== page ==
From the car ferry could be seen Mount Baker in Washington state - an extinct volcano covered in snow and 10778 feet high. The sea was beautifully calm and I spent the whole of the time on deck. The journey through the islands must rank as one of the most beautiful I’ve ever made- narrow channels, mountains, blue seas etc. On docking near Victoria the bus headed straight downtown and dropped me off right outside the hotel door.
An RDC railcar arrives at Victoria and passes over the lifting bridge
I went down to the VIA station of the Esquimalt and Nanaimo line and saw the two car Budd RDC train come in from Courtenay. The raiilway and road cross the harbour on a lifting bridge . Float planes were continually landing and taking off from the harbour, including a small airliner. In the evening I went for a walk around the town - the whole place, as the guidebooks say, is more English than an English town. The architecture is pure Victorian and if it were not for the roads it could be in the UK. I walked around the park and saw a display of country dancing, but decided not to join in despite the notice inviting people to do just that. Then I wandered round the harbour and listened to a Scottish piper- I even left him a dollar!
Victoria harbour with a float plane landing
The RDC 2-car unit about to leave Victoria for Courtenay
I took the Victoria to Nanaimo train leaving at 08.15. On the outskirts of Victoria was a small roundhouse and some evidence of freight traffic. The line is owned by CP. The train passed the naval dockyard at Esquimalt before starting the climb from Langford to the summit at Malahat 650’ above sea level.
The line crosses the Niagara Canyon (260 feet deep) which uses a bridge originally on the CP mainline to Vancouver at Cisco in the Fraser Canyon. Next comes the crossing of the Arbutus Canyon on a curved trestle 220 feet high. The line then descends 900 feet to Duncan. Here there were dozens of totem poles and Indian products on sale. At Chemainus the line reaches the coast and there is B.C.'s largest sawmill. The factory used to have extensive logging lines and a steam loco is preserved by the line. Several large ships were anchored in the bay. Just before Nanaimo the line runs through a former coal mining area with speed restrictions due to subsidence.
On the approach to Nanaimo a line to the ferry terminal branched off to the east. Another freight only line to the west went off into the forests. The conductor told us at Nanaimo that we had ten minutes to go to the cafe across the street for coffee! He told me that the freightcars carrying mainly timber products came over on the train barge from Vancouver and there is a six days a week freight service. There are apparently 3 GP9s for the heavy timber trains, one for the main line pick up freight and on used at the ferry terminal. The passenger service only operates because a treaty require it to be operated in perpetuity.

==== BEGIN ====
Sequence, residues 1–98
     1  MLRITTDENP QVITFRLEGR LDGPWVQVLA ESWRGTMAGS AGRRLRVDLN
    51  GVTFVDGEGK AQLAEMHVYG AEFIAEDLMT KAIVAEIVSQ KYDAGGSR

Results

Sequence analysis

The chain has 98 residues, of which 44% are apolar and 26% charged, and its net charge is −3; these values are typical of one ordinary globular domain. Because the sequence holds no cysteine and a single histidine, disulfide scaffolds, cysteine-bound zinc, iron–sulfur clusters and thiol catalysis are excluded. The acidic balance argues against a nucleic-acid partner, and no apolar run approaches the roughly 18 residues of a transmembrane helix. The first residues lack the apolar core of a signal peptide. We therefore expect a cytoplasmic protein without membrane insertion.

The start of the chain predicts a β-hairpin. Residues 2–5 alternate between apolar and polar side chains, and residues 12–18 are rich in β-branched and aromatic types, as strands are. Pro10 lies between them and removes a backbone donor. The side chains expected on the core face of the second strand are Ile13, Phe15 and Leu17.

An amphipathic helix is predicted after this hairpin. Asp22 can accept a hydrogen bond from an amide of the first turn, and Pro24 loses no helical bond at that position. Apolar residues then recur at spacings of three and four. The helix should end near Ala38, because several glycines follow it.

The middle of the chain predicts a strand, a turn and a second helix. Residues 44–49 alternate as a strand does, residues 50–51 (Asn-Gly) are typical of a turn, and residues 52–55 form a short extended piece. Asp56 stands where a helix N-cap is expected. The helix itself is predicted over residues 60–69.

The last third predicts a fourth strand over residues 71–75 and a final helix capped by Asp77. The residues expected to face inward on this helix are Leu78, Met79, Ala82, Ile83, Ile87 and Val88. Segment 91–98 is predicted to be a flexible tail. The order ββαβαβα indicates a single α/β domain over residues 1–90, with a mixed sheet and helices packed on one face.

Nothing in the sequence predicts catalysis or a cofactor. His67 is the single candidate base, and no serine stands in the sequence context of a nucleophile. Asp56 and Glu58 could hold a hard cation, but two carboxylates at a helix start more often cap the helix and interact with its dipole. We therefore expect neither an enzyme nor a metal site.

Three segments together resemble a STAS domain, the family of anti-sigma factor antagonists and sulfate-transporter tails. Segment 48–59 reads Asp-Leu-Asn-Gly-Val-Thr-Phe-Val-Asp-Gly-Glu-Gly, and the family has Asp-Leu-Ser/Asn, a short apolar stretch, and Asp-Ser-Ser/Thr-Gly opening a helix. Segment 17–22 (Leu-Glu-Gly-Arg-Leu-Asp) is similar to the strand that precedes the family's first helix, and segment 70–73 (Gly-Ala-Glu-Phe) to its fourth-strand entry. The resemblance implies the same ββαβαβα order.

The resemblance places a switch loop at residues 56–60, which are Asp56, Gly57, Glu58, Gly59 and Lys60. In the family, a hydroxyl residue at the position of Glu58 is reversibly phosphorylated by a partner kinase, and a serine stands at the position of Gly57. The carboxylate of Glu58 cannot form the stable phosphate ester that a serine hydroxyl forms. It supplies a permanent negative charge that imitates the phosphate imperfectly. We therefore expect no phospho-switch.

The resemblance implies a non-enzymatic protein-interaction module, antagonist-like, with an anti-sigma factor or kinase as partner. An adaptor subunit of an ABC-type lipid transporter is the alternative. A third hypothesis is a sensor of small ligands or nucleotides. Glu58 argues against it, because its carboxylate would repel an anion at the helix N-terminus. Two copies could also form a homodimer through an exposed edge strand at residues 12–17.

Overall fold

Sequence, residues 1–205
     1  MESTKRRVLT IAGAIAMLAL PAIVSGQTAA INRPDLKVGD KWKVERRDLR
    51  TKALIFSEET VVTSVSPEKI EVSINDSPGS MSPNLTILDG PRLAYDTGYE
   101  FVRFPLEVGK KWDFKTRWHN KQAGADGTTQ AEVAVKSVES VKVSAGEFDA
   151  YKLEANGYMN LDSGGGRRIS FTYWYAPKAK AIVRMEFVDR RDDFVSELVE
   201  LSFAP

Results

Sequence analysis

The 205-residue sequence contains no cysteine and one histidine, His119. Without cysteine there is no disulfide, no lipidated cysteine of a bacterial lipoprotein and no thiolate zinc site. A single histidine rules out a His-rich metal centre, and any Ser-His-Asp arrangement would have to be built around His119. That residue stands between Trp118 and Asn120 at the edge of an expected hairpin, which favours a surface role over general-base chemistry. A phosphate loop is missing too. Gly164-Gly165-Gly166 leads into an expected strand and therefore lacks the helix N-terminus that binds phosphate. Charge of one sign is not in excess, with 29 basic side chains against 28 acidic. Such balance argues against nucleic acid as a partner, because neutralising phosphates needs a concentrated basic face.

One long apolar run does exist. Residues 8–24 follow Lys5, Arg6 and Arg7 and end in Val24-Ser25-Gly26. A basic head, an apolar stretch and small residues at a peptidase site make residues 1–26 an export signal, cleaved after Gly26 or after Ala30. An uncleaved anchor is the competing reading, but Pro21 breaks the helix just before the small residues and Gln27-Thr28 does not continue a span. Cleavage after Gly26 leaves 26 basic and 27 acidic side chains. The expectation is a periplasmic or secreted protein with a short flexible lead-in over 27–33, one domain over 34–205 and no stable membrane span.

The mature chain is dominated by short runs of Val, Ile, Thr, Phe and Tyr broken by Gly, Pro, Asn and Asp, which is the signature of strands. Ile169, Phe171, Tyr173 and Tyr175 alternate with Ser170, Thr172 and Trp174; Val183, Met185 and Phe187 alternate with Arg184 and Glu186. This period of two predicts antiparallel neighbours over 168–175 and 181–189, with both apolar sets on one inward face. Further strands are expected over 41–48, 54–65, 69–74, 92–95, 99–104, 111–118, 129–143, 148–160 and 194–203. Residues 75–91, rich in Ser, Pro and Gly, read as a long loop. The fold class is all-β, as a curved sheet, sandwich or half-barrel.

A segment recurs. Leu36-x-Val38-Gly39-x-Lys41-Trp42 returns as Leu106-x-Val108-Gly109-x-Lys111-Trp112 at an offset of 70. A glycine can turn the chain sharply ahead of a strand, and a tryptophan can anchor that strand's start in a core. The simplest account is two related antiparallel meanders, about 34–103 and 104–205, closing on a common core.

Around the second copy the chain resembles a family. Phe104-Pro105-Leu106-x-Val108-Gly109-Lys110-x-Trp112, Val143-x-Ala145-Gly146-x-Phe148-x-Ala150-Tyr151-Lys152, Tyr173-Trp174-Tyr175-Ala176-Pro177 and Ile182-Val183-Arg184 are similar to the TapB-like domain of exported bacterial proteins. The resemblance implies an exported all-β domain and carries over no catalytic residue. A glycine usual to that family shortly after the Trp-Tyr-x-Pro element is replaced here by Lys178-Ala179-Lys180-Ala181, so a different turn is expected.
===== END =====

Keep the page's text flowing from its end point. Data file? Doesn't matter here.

The RDC at the Courtenay terminus before returning to Victoria
At Parksville tank cars are kept for fighting forest fires. The line crossed over the 1045 feet long French Creek trestle. I phoned home from a rail employee’s mobile phone at Courtenay, the Bell phone being out of order - now that is customer care. We left after a 30 minute turnround at 13.15. 1 left the train at Nanaimo and walked into the town to catch the coach back to Vancouver. On the coach I heard a considerable amount of "native" language being spoken by people of obvious Indian extraction.
The "Queen of Oak Bay arrives at the Nanaimo ferry terminal
Because of the holiday weekend (B.C.Day) the ferry was delayed because of heavy traffic so the bus had to wait about 40 minutes. The ship was "Queen of Oak Bay". The view across the Strait of Georgia to the B.C. mountains became progressively more stunning as the ship neared the mainland. Several cruise ships were seen - Vancouver is a major cruise port for sailings to Alaska.
The Lions Gate Suspension Bridge at Vancouver